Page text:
which was strongly based on advice from this Scientific Veterinary
Committee [a,b]. In 1999, the EU passed a directive (1999/74/EC) leading
to the banning of conventional battery cages because of the welfare issues
associated with them and specifying the minimum requirements required for
furnished cages. This directive banned conventional battery cages in the
EU with effect from January 1st 2012 after a 13-year phase-out
period. As an alternative to battery cages, the directive allowed either
non-cage systems or furnished
cages. Under the directive, furnished cages must provide at least
750 cm2 per hen, of which 600 cm2 is 45 cm high, a
nest, a littered area for scratching and pecking, 15 cm of perch and 12 cm
of food trough per hen and a claw shortening device [d]. This is a close
match to the original Edinburgh Modified Cage design [2, 5]. The Guardian
newspaper has described this as "one of the most significant pieces of
animal welfare legislation ever passed"
The EU directive was passed despite opposition from the egg industry of
Europe and worldwide, mainly due to the increased cost of using systems
other than battery cages. A contemporary BBC news article reports that
"The European Commission had called for an increase in the size of battery
hen cages ... But MEPs went a step further and agreed by a two-thirds
majority to ban such cages altogether". The availability of the
economically-viable furnished cage design derived from UoE research [4,
6], with its proven welfare benefits, enabled the full battery cage ban by
providing an economically-viable but high-welfare standard cage,
mitigating the economic impact that a ban on any caged system would have
had, and making it possible to implement the battery ban without having
such an adverse cost impact that it would have become more difficult for
the EU to protect its egg industry against competition from the rest of
the world. Without the option of the furnished cage, it is probable the
battery cage ban would not have been passed into law.
EU-wide there were 240 million laying hens housed in battery cages in
2006, representing 80% of the EU flock [Farm Animal Welfare Council (FAWC)
figures]. The number of hens housed in furnished systems has risen during
the REF period as a result of the phasing out of battery cages prior to
the 2012 implementation date of the ban: from 0% in 2006 to 14.3% (72.8
million) in 2010 and 42.3% (210 million) in 2012 [e]. The number in
battery cages has decreased throughout the period: 32.4% (165 million) in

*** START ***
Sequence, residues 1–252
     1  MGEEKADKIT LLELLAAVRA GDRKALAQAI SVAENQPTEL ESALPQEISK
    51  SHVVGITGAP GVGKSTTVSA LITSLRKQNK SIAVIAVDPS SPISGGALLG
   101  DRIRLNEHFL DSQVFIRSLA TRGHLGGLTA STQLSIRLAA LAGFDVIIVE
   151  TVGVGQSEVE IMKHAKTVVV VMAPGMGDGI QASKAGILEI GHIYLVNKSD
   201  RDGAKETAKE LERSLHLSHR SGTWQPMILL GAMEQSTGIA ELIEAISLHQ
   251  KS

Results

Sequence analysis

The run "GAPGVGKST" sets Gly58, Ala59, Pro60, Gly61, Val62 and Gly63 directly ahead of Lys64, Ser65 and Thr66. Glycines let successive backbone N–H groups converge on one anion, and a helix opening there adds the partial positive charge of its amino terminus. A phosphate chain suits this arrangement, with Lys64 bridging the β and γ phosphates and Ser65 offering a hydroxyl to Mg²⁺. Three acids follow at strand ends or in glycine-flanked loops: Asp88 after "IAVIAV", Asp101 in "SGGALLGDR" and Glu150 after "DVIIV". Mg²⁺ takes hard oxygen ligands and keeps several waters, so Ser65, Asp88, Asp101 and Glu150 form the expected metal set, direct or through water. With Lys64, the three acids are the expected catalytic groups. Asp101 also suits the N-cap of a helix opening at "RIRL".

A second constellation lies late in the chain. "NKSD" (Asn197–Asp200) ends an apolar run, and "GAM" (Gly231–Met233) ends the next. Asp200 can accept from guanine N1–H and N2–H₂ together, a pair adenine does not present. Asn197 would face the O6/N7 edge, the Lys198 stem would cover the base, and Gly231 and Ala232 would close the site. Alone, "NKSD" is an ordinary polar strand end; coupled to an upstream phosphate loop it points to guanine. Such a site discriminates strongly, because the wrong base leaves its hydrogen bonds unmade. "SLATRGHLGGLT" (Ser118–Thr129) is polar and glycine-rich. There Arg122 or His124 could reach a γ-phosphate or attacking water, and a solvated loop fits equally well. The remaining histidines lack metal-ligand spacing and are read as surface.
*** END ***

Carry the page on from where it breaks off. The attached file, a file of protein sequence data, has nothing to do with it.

2010; 11.3% (46.5 million) in 2011; 0% in 2012. Other hens are now in
barns, free-range or other approved systems. In the UK alone, over £400M
has been spent to meet the standards laid down for the 2012 EU ban. DEFRA
figures for 2012 indicate that 48.5% of UK eggs laid come from furnished
cages; this compares with 9% in 2009 [FAWC].
New Zealand has also acted to ban battery cages in favour of free range,
barn, or enriched-cage systems. The New Zealand government ruled that from
7th December 2012, no new battery cages could be installed in
In 2012 there were approximately 500 million laying hens in the EU,
including 34.8 million in the UK [f]. The UoE research has led to the
increased welfare of some 1.3 billion laying hens to date throughout
Europe in the period January 2008 to July 2013.
Sources to corroborate the impact
The Tiny URLs provide a link to archived web content, which should be
accessed if the original web content is no longer available.
a) Contact to confirm that UoE research influenced the design and
implementation of the EU-wide use of furnished cages: Director, Animal
Welfare Unit, European Commission DG Sanco.
b) Contact to confirm that UoE research influenced the design and
implementation of the EU-wide use of furnished cages: Inst för HUV,
c) The report of the European Commission, Scientific Veterinary Committee
Animal Welfare Section. Report on the welfare of laying hens (1996).
Directorate-general for Agriculture VI/BII.2. can be found at: http://tinyurl.com/og77dxy
[copy of pdf also available on request]
d) EU 1999/74/EC directive for "Laying down minimum standards for laying
[copy of pdf also available on request]
e) EU figures for laying hens: http://www.eepa.info/Statistics.aspx
(Miscellaneous section/Laying hens by way of keeping) or http://tinyurl.com/qztwe49
f) UK figures for laying hens: https://www.gov.uk/government/publications/egg-statistics